RENAISSANCE HOTEL HOLDINGS INC. VERSUS B. VIJAYA SAI AND OTHERS

Court:  Supreme Court of India

JUDGMENT DATE: 19 January 2022

JUDGES: Justice B.R. Gavai, Justice B.V. Nagarathna, Justice L. Nageswara Rao

PARTIES

 Complainants (s): Renaissance Hotel Holdings Inc.

 Respondent (s): B. Vijaya Sai and others

SUBJECT

In the current case, an appeal was lodged with the Supreme Court of India against an order of the Karnataka High Court where the Supreme Court found that the respondents / defendants had not violated the plaintiff’s / RENAISSANCE trademark under Trade Marks. Act, 1999.

FACTS

The court ruled in favor of Renaissance Hotel Holdings Inc., a state-owned company owned by the State of Delaware, United States of America. bar, lounge area, gym club, spa facilities, etc. The company found that respondents were using one hotel in Bangalore and another in Puttaparthi under the name “SAI RENAISSANCE”, which covers the entire source. – a well-known trademark and service mark “RENAISSANCE”.

The complainant submitted that the trademark “RENAISSANCE” had been used by its international hospitality business since 1981 and that it was one of the largest and most prestigious hotel chains in the world and had used the trademark “RENAISSANCE” in India since 1990.

It was argued that respondents copied the trademark “RENAISSANCE”, its stylistic representation, trademarks and cards and pamphlets in a way that promoted affiliation, affiliation, contact or contact with the plaintiff’s business.

A court order barred the defendants to:

  • use the “SAI RENAISSANCE” trademark or any other trademark which includes the plaintiff’s trademark “RENAISSANCE” or which is similarly fraudulent.
  • from opening, operating, managing, trading, licensing, direct or indirect sales of hotels, restaurants, or hospitality services in any way under the trademark or service mark “RENAISSANCE” or any other fraudulent “RENAISSANCE” mark or any other mark. the same deceptive. which includes online as a domain name or in any other way to provide their services as such or linked to a complaint.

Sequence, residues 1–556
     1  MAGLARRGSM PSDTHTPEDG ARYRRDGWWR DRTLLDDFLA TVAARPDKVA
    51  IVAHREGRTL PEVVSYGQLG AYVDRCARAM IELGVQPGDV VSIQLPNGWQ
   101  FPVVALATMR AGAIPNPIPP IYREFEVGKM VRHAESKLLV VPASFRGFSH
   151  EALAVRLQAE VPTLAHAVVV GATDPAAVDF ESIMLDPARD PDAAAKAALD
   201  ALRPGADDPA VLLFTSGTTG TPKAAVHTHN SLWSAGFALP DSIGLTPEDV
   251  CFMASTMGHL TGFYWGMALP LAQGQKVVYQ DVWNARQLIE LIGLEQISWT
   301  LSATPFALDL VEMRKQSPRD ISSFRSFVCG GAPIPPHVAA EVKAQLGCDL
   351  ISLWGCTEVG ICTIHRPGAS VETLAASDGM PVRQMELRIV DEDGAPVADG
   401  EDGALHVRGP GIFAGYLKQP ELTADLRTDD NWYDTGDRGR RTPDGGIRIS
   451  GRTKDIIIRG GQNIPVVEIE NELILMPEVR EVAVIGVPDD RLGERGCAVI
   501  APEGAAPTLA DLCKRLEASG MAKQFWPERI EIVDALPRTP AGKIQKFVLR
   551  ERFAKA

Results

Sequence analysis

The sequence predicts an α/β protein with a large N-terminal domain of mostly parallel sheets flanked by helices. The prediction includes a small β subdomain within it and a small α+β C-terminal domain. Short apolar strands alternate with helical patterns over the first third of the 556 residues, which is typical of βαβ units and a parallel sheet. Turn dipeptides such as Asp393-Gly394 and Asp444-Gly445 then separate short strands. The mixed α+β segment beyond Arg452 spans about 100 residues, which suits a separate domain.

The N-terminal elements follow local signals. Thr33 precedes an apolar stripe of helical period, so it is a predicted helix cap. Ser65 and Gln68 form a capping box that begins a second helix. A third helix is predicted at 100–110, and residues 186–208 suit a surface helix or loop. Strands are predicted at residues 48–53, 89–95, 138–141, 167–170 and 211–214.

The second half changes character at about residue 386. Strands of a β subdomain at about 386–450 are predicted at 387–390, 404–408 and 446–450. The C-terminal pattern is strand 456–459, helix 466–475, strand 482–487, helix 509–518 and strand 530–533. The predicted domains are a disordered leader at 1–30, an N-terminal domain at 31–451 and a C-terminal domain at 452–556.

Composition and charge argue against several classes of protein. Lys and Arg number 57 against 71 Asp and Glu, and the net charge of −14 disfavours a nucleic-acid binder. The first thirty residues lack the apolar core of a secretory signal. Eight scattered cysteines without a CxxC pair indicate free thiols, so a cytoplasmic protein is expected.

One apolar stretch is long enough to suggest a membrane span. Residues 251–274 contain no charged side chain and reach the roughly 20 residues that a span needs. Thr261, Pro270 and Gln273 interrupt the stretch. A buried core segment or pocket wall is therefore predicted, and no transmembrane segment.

The trial court, however, dismissed the plaintiff’s claim for compensation.

The Karnataka High Court, however, concluded that there was no evidence presented by the plaintiff to show that respondents were abusing the trademark’s advantage or that the use of the word “SAI RENAISSANCE” tarnished the character or reputation of the individual. plaintiff’s trademark.

ISSUE

  • Did respondents / defendants violate the complainant / respondent’s trademark “RENAISSANCE”?

LEGAL PROCEDURES

Trademarks Act, 1999:

• Section 29- Violation of registered trademarks.

• Section 30- Restrictions on the operation of a registered trademark.

JUDGEMENT

The High Court initially noted that both the Court of Appeals and the Supreme Court concluded that the trademark / defendant’s trademark was identical to that of the plaintiff / plaintiff and moreover that the services rendered to the defendants / defendants were under the same category, viz. , Class 16 and Class 42. Therefore, the complainant / complainant’s assets will be combined with Section 29 (2) (c) read with Section 29 (3) of the Act.